I definitely used to be a lot more motivated to marathon certain texts when I was living in my hometown. Every day at lunchtime my friends and I would have in depth conversations about every little detail that happened in a new episode of whatever show was popular at the time. I admit, it is not fun to be out of the loop when it comes to inside jokes, but I think I felt so passionate to be ‘in’ on the conversations because it was high school and when in high school, it’s important to be up on all the current trends.
Now that my high school friends and I have gone our separate ways it is hard to converse about marathoned texts and I believe that is what changed my feelings about what I marathon and what I don’t. Today, I’ll choose a show only if it is something that gets my attention because it relates to my life, or if it makes me laugh uncontrollably, not if it is socially accepted.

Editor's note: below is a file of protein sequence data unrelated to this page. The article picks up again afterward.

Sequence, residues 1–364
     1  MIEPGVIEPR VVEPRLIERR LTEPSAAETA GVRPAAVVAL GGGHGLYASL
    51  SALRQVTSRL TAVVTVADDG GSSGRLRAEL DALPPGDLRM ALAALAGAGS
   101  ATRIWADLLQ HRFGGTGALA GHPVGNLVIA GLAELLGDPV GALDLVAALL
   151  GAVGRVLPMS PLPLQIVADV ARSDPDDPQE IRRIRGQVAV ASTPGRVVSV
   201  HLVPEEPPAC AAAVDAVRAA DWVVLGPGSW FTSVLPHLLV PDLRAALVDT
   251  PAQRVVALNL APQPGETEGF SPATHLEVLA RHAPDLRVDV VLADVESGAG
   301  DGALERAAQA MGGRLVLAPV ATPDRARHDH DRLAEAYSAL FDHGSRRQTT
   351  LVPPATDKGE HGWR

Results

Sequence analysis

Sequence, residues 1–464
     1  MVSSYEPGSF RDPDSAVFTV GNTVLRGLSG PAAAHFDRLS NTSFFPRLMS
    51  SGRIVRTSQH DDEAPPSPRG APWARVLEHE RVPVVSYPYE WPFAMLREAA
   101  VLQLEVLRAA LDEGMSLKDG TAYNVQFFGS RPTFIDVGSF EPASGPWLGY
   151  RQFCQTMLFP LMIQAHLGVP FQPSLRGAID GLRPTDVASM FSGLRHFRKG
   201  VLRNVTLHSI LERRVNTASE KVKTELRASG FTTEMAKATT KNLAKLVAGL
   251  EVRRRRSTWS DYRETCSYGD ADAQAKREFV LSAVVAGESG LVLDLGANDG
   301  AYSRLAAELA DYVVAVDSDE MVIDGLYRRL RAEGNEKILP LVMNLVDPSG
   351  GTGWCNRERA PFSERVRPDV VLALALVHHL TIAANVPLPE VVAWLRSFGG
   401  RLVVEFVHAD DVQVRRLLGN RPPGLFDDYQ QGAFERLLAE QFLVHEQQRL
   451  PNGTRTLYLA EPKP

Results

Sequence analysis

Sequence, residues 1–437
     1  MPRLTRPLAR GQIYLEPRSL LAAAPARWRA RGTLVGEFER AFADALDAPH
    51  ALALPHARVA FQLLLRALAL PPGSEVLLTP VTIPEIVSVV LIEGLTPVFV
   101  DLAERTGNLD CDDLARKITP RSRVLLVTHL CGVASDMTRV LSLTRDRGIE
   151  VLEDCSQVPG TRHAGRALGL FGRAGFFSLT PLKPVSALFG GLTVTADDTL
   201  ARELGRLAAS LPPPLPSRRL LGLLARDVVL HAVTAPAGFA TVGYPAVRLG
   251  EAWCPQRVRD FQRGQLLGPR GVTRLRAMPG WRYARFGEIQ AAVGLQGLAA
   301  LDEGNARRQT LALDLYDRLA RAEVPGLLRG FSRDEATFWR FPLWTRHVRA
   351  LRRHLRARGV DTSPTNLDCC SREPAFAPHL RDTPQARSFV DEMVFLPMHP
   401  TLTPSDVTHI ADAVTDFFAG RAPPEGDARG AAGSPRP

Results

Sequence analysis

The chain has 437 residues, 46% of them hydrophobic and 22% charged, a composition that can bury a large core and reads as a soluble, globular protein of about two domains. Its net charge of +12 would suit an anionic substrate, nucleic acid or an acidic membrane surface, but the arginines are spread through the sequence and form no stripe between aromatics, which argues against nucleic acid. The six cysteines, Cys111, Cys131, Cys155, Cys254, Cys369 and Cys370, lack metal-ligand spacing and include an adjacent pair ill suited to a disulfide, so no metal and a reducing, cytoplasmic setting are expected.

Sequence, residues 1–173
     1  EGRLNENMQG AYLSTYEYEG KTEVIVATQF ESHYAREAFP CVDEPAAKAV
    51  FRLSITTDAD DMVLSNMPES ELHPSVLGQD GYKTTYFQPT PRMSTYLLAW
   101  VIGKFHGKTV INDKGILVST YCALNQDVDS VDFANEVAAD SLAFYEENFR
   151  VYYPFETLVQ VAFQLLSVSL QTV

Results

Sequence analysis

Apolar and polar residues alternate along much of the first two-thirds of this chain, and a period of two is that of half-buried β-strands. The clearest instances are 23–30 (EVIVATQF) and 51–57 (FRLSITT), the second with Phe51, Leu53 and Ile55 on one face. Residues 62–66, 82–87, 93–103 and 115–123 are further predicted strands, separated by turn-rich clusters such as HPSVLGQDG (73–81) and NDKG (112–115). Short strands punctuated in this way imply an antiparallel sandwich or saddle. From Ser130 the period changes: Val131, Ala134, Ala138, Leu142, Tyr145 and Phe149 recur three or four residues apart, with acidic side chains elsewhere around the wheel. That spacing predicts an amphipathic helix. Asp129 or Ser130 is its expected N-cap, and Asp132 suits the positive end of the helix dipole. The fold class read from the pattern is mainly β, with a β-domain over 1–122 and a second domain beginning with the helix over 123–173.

I found myself this summer reading 50 Shades of Grey only because of the big hype about it. So many people were talking about it and asking me questions thinking that I would know the answers, and like Carissa stated, I almost felt embarrassed of my lack of knowledge of the text. Once I had begun reading and really immersed myself in the narrative world of Christian Grey, I found myself feeling better about myself because I felt more ‘in the loop’ about certain jokes and references. I found it funny that even while watching E! News there were many jokes cracked in relation of the storyline that I could now understand. I found myself only reading the series because so many people had, where if it weren’t so controversial I would have never picked up the soft-pornographic series filled with grammar mistakes. As Carissa and Rachel had explained, just because you marathon texts that are most popular does’t necessarily mean your missing out on something great. I feel like a wasted solid, sunny days where I instead spent it reading about a poorly written story that had given me no intellectual gain or satisfaction.